“Red keycard? Shit, where am I supposed to find that? I haven’t shot anything in at least 30 seconds and my ctrl finger is getting itchy … bugger it: i-d-k-f-a and I’m on my way!”
I’d reckon anyone old enough to recognise that internal monologue had the exact same discussion with themselves at some point. Something dawned on me recently that made me think about it again: the relationship between games and cheating has changed a hell of a lot since I first started playing.
Once upon a time it seemed pretty much every game had cheats built into it – all you had to do was find the right keystroke combination, probably from the cheats and codes pages of your favourite gaming magazine.
The thing that really made me start thinking about this was the recent blowup over Starcraft II players being banned from the game for life for using hacks and trainers in the game’s single-player campaign mode and Blizzard’s threats of legal action against some of the people responsible for developing them.
I’ll get back to that later but in the meantime, what’s changed? At what point did we decide that, actually, we don’t like cheats any more?
Not since Arthur Percival surrendered his 138,708 strong army of Allied soldiers to a Japanese force numbering approximately 30,000 has such poor military nouse been exposed on such a large scale … until now. Risk: Factions is based upon the classic Parker Brothers board game, Risk. The basic concept of the game is simple world military domination, while smack-talking the crap out your opponents and attempting to rob them of any feeling of self-worth.
Games need a minimum of two players, with a maximum of five, but you can set each game up with a mixture of human and AI opponents. Each player takes one of five factions: Humans, Cats, Robots, Zombies or Yetis. In the traditional game you play a board based on a map of the world, cut up into territories and regions rather than the countries. The gameplay is turn-based, with each player taking turns attempting to attack the surrounding occupied territories to build up their own empire. At the beginning of each turn you receive extra soldiers based upon the number of countries and continents you control. A traditional match ends when one player takes complete control, or (unfortunately more commonly) when the last remaining human player disconnects in defeat.
This week’s Australian new release list is brought to you by the public’s fascination with magic falling blocks. To this day scientists are still unable to explain the why but the what has been abundantly clear for decades: put a human being in front of a screen with falling blocks on it and they’ll be mesmerised by that shit.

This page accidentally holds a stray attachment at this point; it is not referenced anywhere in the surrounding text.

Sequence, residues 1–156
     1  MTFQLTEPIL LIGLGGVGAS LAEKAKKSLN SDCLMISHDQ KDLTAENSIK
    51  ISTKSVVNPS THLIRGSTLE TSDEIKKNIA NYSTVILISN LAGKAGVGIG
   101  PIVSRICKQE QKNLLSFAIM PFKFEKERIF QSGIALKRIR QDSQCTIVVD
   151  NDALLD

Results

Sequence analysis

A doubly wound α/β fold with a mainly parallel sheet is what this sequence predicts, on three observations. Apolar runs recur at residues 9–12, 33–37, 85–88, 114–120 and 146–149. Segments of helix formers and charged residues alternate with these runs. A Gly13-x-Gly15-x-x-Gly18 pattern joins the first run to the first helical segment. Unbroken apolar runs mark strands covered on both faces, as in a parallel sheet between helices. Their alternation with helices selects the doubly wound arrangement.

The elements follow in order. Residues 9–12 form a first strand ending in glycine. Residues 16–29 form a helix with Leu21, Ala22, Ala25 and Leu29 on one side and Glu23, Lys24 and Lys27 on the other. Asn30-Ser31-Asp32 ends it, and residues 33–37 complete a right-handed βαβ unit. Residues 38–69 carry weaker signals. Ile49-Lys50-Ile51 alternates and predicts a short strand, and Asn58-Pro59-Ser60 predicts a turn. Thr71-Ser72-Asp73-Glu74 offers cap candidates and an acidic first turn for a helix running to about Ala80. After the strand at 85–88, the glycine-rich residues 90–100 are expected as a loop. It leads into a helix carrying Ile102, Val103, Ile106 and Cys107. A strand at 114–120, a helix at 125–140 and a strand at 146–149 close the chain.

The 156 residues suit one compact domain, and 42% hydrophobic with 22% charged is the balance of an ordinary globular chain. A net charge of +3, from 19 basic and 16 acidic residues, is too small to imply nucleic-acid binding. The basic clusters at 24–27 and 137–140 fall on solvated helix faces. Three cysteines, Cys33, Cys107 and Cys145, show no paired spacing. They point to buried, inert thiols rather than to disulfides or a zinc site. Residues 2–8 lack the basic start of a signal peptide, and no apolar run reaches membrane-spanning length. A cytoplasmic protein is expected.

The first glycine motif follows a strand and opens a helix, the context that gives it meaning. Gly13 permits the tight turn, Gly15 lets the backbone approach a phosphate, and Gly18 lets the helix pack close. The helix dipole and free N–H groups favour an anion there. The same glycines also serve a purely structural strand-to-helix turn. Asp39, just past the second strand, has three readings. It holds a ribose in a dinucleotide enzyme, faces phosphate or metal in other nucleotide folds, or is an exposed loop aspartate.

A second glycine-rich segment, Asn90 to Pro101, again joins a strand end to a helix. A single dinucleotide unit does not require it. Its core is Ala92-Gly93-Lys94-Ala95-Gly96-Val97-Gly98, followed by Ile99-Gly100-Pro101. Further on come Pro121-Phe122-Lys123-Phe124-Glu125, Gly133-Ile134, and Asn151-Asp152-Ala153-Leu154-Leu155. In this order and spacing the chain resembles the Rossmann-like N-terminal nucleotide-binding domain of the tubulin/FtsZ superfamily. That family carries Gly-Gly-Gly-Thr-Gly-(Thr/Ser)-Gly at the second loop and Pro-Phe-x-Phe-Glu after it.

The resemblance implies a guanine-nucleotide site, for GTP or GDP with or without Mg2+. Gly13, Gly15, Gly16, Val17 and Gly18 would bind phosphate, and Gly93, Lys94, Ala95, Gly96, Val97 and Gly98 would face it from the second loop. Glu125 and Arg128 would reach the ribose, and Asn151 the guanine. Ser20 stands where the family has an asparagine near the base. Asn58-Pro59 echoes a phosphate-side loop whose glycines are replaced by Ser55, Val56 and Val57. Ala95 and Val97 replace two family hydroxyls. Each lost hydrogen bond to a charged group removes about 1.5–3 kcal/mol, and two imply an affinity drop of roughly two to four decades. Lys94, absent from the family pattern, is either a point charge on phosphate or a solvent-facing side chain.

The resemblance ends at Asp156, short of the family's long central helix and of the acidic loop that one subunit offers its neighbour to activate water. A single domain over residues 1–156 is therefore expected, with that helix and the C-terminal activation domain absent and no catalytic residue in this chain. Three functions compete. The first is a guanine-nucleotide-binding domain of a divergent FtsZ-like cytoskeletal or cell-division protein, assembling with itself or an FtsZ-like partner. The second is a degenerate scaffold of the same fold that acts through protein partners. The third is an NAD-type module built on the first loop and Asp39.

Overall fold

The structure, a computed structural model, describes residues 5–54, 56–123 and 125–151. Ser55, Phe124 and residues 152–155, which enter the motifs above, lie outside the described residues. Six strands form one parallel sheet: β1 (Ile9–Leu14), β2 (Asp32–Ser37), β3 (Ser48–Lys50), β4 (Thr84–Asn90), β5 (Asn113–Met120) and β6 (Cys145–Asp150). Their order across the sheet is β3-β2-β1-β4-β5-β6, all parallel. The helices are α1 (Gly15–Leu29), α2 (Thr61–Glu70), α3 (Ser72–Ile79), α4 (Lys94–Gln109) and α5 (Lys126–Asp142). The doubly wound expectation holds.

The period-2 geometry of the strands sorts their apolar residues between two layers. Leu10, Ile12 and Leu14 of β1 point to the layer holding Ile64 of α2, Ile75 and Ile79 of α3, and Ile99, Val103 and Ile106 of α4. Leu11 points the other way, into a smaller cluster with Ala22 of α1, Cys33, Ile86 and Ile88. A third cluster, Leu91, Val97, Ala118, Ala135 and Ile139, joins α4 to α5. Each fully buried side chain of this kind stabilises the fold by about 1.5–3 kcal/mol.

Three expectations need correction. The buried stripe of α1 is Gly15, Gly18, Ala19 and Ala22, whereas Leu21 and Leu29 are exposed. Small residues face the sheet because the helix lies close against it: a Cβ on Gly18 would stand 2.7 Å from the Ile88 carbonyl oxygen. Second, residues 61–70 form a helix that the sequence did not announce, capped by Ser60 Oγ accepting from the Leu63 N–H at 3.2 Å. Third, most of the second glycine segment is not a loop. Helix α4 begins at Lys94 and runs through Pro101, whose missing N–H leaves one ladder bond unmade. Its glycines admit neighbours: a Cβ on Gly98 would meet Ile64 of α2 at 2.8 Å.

Secret diplomatic cables* received by Armchair Diplomat this week reveal that several countries are even looking to harness the effect for military purposes. “We’re probably about two or three years away from being able to drop a giant projector screen into a warzone and stop the enemy in their tracks by showing footage of falling blocks,” said one general who we can’t name because we value our bollocks in their current locations. “The sticking point has been trying to immunise our own troops against the effects – it’s no good reducing your enemy to a bunch of drooling halfwits if your own troops are left in a similar state.”
Early attempts at developing an immunisation have been deemed failures. While they were successful in rendering immunity to the falling block mesmerisation effect, word got out that the trial group also stopped seeing the “funny” side of Two and a Half Men and since then no soldier has been willing to take the drug.
If you’re not mesmerised by falling blocks yourself, you might want to try one of the following games that are due in stores this week:
- World of Warcraft: Cataclysm (December 7, PC)
- Bejeweled 3 (December 8, PC)
- Game Party In Motion (December 8, 360)
- Cabela Big Game Hunter (December 10, Wii)
- Def Jam Rapstar (December 10, 360 / PS3 / Wii)
- Goldeneye: 007 (December 10, Wii)
- Hide and Secret Trilogy (December 10, PC)
- Nickelodeon Fit (December 10, Wii)
- Pac Man World 3 (December 10, DS)
- PDC World Championship Darts (December 10, 360 / PS3 / Wii)
* Resemblance to actual cables written by an actual government may vary
Reimagining a myth is a classic launch pad for entertainment. The evolution of story, characters and themes nurtures these myths, keeping them alive in a world that can have the memory span of a goldfish. Sometimes it goes well (the God of War franchise and Dan Simmon’s Illuim books being fine examples) and sometimes it goes quite badly (Clash of the Titans or The Bible … not so much). Thankfully Enslaved: Odyssey to the West is a member of the former group. It’s not the first modern retelling of the myth of Monkey – you may remember the old TV show and might have seen the recent terrible movie adaptation starring Chairman Kaga from Iron Chef. These kitschy retellings thankfully were followed up by Damon Albarn’s Opera last year.